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<p>Would you believe that's the good guy in the new French thriller 'Sleepless Night'?</p>

Would you believe that's the good guy in the new French thriller 'Sleepless Night'?

Credit: Bac Films

Warner Bros and Roy Lee hatch a caper to remake French thriller 'Sleepless Night'

Race for remake rights as relentless as the film itself

At 5:00 PM this afternoon, I was onstage at the Alamo Drafthouse introducing Fantastic Fest's first screening of Frederic Jardin's relentlessly entertaining new action thriller "Sleepless Night," and I made the joke as part of the introduction, "I'm glad you guys get to see it before Hollywood buys it and screws it up."

Cut to the news breaking while that same screening is still playing that Roy Lee and Warner Bros have joined forces to remake Frederic Jardin's relentlessly entertaining new action thriller "Sleepless Night."

I think it's safe to say I'm not surprised.

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<p>Rachael Taylor and Minka Kelly come to blows in the &quot;Charlie's Angels&quot;&nbsp;pilot.</p>

Rachael Taylor and Minka Kelly come to blows in the "Charlie's Angels" pilot.

Credit: ABC

'Charlie's Angels' - 'Pilot': Heaven vs. Hell

What did everybody think of ABC's remake?

I posted my review of "Charlie's Angelsthis morning. Now it's your turn. Did you sense a pulse from any of Minka Kelly, Rachael Taylor and Annie Ilonzeh? Any chemistry between them? Did you like Young Hunky Bosley? Were you appreciative of Minka re-enacting the torture scene from "Lethal Weapon"? Are you excited by the dark backstories, and/or the casting of Victor Garber as Charlie? And will any of you watch this ever again?

Have at it.

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<p>Ben (Adam Scott)&nbsp;and Leslie (Amy Poehler)&nbsp;on &quot;Parks and Recreation.&quot;</p>

Ben (Adam Scott) and Leslie (Amy Poehler) on "Parks and Recreation."

Credit: NBC

Interview: 'Parks and Recreation co-creator Mike Schur on the season 4 premiere

Some thoughts on Leslie's professional and personal decisions

"Parks and Recreation" just aired its fourth season premiere, and you can read my review of that here. I had initially planned to accompany that review with a pair of pieces about the creative process behind the making of this episode - one a fly-on-the-wall piece from an afternoon I spent in the show's writers room back in June, the other an interview I did a couple of weeks ago with co-creator  Mike Schur - but I'm going to put those off until next week and break out one long section of the Schur interview, in which we discuss what the premiere had to say about the Leslie and Ben relationship - and about the more general challenges of writing long-term relationship arcs on comedies. Spoilers and analysis coming up just as soon as we discuss my stance on Egyptian debt relief...

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<p>Leslie (Amy Poehler)&nbsp;makes an announcement on the &quot;Parks and Recreation&quot;&nbsp;premiere.</p>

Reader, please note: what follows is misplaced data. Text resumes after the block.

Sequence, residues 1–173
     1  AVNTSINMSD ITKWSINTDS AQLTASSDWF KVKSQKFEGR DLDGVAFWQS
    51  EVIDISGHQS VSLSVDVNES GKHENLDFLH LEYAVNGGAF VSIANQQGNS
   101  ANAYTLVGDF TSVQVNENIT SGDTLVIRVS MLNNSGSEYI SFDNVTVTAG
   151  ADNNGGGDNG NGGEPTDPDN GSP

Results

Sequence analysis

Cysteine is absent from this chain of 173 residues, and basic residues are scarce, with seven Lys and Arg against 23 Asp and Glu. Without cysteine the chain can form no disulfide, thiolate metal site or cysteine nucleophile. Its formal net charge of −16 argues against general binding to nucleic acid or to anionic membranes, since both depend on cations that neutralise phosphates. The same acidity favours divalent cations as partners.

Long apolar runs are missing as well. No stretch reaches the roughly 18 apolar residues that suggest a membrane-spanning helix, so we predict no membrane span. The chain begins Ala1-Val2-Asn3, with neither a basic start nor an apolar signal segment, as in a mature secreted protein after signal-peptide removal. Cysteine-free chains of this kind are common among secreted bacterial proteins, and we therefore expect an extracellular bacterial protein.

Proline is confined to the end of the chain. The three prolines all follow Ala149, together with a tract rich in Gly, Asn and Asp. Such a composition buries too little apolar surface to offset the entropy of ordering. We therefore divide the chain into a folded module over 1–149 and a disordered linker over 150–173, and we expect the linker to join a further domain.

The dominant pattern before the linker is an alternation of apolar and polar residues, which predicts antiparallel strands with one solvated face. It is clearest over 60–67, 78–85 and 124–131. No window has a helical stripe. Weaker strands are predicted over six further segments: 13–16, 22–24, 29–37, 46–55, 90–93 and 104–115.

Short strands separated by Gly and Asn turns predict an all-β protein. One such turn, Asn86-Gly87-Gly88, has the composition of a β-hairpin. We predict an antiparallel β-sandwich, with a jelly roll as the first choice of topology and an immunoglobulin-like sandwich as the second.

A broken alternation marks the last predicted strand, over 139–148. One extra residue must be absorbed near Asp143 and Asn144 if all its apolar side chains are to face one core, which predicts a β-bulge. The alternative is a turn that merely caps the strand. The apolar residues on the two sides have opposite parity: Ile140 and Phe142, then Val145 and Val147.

Leslie (Amy Poehler) makes an announcement on the "Parks and Recreation" premiere.

Credit: NBC

'Parks and Recreation' - 'I'm Leslie Knope': Running or running away?

Leslie has a tough decision to make in the sweet season 4 premiere

"Parks and Recreation" is back for its fourth season. I interviewed co-creator Mike Schur about one of the major developments of the premiere, and I have a review of the episode coming up just as soon as I have the toes I have...

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<p>Joel McHale in the &quot;Community&quot;&nbsp;season 3 premiere.</p>

Joel McHale in the "Community" season 3 premiere.

Credit: NBC

'Community' - 'Biology 101': Table setting

Michael Kenneth Williams and John Goodman join the Greendale faculty

"Community" is back for a third season, and I have a review of the premiere coming up just as soon as I install a banana buffet...

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<p>&quot;The X Factor&quot;</p>
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"The X Factor"

Credit: FOX

Recap: 'The X Factor' - 'Auditions #2' Live-Blog

Will Cheryl Cole make another appearance, or are we stuck with Nicole?

We're back again for another night of "The X Factor" live-blogging. I don't anticipate that I'll live-blog next week's show -- Rosh Hashanah, among other things -- but last night went OK, so I'm fine with making live-blogging a fun premiere week game.

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<p>&quot;Charlie's Angels&quot;</p>
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"Charlie's Angels"

Credit: ABC

TV Review: ABC's 'Charlie's Angels'

Here's a flawless blueprint on how not to reboot a franchise
The "Charlie's Angels" brand has some value, but ABC has a few problems with that brand.
 
First: There certainly are people with warmth for the original TV series, which was a fairly earnest piece of Aaron Spelling cheese, elevated to glorious action eye candy by Farrah Fawcett (and, to possibly a lesser extent, by Kate Jackson, Jaclyn Smith and Cheryl Ladd).